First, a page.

6 Valuable Lessons I Learned From Being a Preemie Mom

People say that being a new parent is the best that ever happened to them, and even though I had been hearing this all my life, it surprised me how much being a preemie mom changed me… in a good way!

Most parents walk out of their child’s birth with their newborn in their arms. This is not the case for several preemie families.

My son was born prematurely at 31 weeks, weighing a mere 2.49 pounds and not breathing.

I could barely catch a glimpse of an incubator with a tiny human inside before the doctors rushed him to the Neonatal Intensive Care Unit (NICU), where he spent the first 43 days of his life. During those 43 days, I learned more than I had learned in all my life. It was a truly wonderful, grieving, miraculous experience.

When we walked out of that NICU ready to head home, I was a completely different person than the one I was when I walked in.


A must read for preemie moms! Having a premature baby was, for me, witnessing a miracle! Here are my thoughts on becoming a proud preemie mom! #preemiemom #mom #baby #prematurebaby

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I learned to Appreciate Life

Most parents ponder on the miracle of life once they hold their newborn. They have a good reason to do so, they just created life!

But for a preemie mom, this miracle-pondering experience elevates to a whole new level. I wasn’t just seeing a new life, I was actually seeing a baby being formed inside an incubator.

One of the things that impressed me the most was that my son’s ears were stuck to his head. I literally watched his ears forming and unsticking themselves from his head.

It was one of the most truly beautiful and amazing things I have ever things.

We also had to deal with daily uncertainty. The doctor’s prognosis was reserved, so I went to bed every night thinking about what I may find next morning.

I now know better than to take life for granted. My preemie becomes stronger every day, and I appreciate every second with him.

I learned to Take it Easy

Take it Easy

We millennials are often defined by two words: Instant Gratification.

Back in the day, I wanted everything done right, and right now! I wasn’t known for being patient.

If we had a milestone due next week at work, I would overwork to have it ready today. When my husband and I were looking for places to live, I wanted to move into the first apartment we saw because it was ready then and there.

It was maybe for this natural impatience that it was particularly hard for me to finish any long-term project. I didn’t understand the value of continued, paced work. If I wanted to run a marathon, I would start running as fast as I could and since I couldn’t keep up the pace, I would just give up.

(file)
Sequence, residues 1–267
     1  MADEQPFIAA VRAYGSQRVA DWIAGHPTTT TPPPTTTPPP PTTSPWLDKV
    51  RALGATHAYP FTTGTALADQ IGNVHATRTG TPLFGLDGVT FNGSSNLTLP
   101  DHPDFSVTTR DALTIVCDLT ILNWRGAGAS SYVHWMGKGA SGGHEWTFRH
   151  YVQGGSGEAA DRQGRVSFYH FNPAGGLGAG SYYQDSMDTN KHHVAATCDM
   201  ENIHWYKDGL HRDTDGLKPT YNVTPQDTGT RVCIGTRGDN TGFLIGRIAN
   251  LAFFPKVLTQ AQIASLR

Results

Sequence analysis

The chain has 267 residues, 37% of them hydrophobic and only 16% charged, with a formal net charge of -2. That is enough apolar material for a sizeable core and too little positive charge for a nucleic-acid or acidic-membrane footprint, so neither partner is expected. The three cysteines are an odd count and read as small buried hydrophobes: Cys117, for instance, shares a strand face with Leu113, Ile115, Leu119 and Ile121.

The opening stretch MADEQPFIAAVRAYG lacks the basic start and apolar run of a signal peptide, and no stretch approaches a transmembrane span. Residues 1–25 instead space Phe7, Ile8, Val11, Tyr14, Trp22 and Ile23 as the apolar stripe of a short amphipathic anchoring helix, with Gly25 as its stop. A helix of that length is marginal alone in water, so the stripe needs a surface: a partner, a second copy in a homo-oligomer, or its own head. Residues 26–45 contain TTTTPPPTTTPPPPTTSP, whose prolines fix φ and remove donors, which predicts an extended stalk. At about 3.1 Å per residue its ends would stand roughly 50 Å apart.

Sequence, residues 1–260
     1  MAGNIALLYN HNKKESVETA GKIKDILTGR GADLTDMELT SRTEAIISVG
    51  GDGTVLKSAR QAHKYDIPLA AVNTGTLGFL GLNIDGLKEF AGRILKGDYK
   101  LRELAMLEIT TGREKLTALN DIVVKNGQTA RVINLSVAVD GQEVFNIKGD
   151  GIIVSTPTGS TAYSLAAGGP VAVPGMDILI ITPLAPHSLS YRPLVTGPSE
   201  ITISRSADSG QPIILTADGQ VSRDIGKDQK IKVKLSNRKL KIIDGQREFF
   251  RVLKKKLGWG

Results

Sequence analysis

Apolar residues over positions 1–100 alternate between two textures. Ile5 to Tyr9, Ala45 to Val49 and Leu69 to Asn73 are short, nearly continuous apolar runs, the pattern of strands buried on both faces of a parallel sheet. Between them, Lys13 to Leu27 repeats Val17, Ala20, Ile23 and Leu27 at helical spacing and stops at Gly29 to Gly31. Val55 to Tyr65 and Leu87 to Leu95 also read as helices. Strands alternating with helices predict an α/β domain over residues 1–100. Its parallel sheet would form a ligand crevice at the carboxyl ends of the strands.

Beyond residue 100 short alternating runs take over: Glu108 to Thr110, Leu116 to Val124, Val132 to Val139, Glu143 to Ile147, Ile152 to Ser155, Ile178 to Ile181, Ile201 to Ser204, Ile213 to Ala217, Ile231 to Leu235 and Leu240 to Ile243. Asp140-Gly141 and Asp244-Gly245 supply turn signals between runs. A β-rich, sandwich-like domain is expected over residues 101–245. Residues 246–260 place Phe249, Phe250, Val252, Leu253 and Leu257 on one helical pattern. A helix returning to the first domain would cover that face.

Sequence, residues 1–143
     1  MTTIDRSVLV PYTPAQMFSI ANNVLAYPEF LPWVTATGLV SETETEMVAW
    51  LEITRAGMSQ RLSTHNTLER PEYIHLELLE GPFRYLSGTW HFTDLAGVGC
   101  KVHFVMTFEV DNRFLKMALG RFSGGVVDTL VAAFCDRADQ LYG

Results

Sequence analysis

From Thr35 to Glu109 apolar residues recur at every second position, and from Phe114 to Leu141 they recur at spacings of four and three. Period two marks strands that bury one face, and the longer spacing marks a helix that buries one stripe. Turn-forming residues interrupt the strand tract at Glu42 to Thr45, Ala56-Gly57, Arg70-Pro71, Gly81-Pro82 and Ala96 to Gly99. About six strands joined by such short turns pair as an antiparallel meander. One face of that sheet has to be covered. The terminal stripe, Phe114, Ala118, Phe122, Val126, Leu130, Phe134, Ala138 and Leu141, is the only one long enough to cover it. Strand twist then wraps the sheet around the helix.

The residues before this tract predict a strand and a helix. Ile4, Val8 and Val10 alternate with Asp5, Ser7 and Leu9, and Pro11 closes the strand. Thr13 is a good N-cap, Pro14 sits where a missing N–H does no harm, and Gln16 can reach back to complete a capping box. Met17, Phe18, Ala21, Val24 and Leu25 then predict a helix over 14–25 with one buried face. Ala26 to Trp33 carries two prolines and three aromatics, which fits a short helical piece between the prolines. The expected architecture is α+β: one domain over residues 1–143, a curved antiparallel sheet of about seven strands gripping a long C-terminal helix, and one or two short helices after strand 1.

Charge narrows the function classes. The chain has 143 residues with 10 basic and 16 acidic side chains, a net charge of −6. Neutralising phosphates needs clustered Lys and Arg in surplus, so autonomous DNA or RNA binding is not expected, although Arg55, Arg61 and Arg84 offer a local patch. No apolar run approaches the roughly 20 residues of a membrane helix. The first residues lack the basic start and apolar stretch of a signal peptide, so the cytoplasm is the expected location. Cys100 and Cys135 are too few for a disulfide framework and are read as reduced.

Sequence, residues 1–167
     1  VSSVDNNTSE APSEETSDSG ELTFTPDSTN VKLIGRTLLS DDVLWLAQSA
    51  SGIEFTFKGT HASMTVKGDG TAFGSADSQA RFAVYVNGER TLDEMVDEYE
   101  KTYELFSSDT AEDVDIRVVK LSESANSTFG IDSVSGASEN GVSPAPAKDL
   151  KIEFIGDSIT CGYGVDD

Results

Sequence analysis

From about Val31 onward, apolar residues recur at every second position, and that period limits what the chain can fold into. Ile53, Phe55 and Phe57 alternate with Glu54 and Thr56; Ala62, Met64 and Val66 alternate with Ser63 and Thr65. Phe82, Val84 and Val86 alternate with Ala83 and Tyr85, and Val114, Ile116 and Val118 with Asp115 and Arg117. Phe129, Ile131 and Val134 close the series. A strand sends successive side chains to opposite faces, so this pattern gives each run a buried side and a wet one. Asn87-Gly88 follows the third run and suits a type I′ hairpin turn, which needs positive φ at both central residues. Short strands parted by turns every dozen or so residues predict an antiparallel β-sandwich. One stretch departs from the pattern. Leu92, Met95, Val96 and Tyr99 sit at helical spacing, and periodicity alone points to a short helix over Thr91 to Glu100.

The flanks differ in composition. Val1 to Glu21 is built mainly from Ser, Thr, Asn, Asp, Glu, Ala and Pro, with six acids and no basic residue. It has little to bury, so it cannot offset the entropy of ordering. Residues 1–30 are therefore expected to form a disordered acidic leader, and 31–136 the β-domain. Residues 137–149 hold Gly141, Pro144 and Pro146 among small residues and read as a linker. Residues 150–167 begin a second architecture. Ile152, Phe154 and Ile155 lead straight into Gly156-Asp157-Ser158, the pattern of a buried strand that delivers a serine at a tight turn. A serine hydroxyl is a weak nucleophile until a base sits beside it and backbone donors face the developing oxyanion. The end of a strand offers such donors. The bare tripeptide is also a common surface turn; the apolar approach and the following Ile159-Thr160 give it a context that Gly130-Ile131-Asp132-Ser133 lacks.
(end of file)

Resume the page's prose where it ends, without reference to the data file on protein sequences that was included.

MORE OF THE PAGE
And then, Oliver came along, and I became a preemie mom.

When he was born I couldn’t wait for him to be extubated or get out of NICU, or start nursing, or smiling, talking, walking… and he was a 2 lb baby!

I didn’t understand the weigh that I was putting on his tiny shoulders. But I knew better than to pressure him, I swallowed all that and sat by his incubator and watched him progress slowly.

By the time we were heading home, 43 days later, it was starting to dawn on me the true meaning of the saying “slow and steady wins the race”

Now I truly savor every fleeting moment that passes with my son and my husband because progress, small as it may be, is progress after all!

I learned to Trust in my Preemie Mom Instinct, and to Trust in People

When Ollie stayed every night at the hospital (which I had thoroughly researched), and I left home to spend the night without him, I felt many things.

I felt like falling into the darkness with unknown hands waiting to catch me. I had to take a leap of faith, every day.

I’m a strong, independent woman, or at least I like to think that I am. So, the thought of having to resign my son’s care to (trained, professional, beautiful) strangers terrified me. It still does.

But I learned to cope with that fear.

One of the hardest things to understand about being a preemie mom is that I wasn’t capable of keeping my premature baby alive. So I had to trust in those who were.

I also learned to trust in myself and to trust my gut.

Even though I wasn’t trained to take care of my baby, I knew what was right and what was wrong… somehow. And I believed in that. On top of it, knowing that we somehow got through the high-risk pregnancy and the NICU stay increased the trust I had in myself, my husband and my newborn baby.